Things and Beings: A Literary Criticism of Objects
MetadataShow full metadata
In the corner of my family’s home office, in a quart sized Ziploc bag, a hoard of white and red pens filled the plastic vessel. These pens were an advertising tool provided for a pharmaceutical company. When a change in policies came about, the pens were set aside, no longer a valid item for distribution. As a result, my dad left the pens here, untouched. It could have been their color or their sheer availability that sparked my use of them, but this initial reasoning does not strike me as much as the prolonged use that followed. I utilized the pens from childhood through high school. When it came time to leave for college, my dad willfully let me take the rest of them.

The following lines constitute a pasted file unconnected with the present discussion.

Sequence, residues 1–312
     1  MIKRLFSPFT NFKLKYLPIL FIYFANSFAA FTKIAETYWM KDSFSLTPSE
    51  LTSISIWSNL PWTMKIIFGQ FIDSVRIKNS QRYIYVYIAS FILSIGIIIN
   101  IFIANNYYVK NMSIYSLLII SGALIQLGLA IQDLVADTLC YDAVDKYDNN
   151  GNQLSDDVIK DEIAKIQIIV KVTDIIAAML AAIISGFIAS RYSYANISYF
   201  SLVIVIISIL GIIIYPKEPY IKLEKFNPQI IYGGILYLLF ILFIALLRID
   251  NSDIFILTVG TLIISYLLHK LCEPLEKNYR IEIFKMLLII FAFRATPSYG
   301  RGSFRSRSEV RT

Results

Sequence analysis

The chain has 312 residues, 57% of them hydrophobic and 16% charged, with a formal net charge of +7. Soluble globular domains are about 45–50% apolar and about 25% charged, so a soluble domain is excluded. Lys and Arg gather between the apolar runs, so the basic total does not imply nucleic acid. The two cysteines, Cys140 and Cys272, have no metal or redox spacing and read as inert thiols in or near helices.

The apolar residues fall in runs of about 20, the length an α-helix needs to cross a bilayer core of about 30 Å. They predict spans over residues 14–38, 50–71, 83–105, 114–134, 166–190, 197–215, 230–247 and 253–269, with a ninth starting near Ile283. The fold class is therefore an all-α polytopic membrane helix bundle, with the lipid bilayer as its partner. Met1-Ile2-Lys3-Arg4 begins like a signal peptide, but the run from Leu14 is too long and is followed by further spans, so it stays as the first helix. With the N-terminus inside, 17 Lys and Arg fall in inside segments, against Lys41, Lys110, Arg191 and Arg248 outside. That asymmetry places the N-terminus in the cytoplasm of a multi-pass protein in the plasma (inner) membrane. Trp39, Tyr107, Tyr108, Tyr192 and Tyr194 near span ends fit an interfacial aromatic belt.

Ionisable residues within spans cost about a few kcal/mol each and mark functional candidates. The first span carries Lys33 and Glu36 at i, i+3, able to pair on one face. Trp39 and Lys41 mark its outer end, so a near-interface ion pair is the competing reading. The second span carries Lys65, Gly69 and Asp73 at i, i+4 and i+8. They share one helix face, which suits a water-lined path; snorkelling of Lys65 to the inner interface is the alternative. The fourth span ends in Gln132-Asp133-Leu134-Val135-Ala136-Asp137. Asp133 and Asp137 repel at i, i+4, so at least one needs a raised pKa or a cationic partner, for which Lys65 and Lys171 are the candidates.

Now, so many years later, the last of the stash begins to run dry. Pens must not have been meant to last more than a decade. They completed their job, one after another. They have been scattered, discarded over both a large span of time and geography. Every stylo is wrapped with a soft grip, so each gives an individual press against my right index finger. They leave a trace upon most of my work, agendas, assignments, and journals. These simple utensils possess a history; they are totems that have endowed me with communication as well as comfort.
Having acknowledged this particular objects’ continual impact upon my life, I plan to reveal the Vibrant Materiality, or universal energy, experienced by and between all things human and nonhuman throughout this thesis. By observing different authors’ interactions with objects across a wide span of time and space, a vast survey of the impact of objects will present itself.